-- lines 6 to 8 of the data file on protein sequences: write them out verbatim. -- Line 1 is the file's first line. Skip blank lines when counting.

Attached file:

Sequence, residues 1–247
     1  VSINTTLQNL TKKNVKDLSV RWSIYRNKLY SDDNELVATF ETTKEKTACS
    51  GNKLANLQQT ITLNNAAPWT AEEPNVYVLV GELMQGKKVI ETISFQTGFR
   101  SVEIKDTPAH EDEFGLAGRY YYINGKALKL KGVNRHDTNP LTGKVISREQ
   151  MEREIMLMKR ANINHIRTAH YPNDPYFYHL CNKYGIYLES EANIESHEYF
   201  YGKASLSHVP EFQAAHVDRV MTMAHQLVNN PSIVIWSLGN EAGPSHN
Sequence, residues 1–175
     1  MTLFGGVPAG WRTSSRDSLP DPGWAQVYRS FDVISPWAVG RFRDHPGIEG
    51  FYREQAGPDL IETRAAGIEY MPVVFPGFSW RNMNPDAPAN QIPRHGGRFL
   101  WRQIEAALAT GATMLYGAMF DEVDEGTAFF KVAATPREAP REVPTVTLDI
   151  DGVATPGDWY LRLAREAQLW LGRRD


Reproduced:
   201  YGKASLSHVP EFQAAHVDRV MTMAHQLVNN PSIVIWSLGN EAGPSHN
Sequence, residues 1–175
     1  MTLFGGVPAG WRTSSRDSLP DPGWAQVYRS FDVISPWAVG RFRDHPGIEG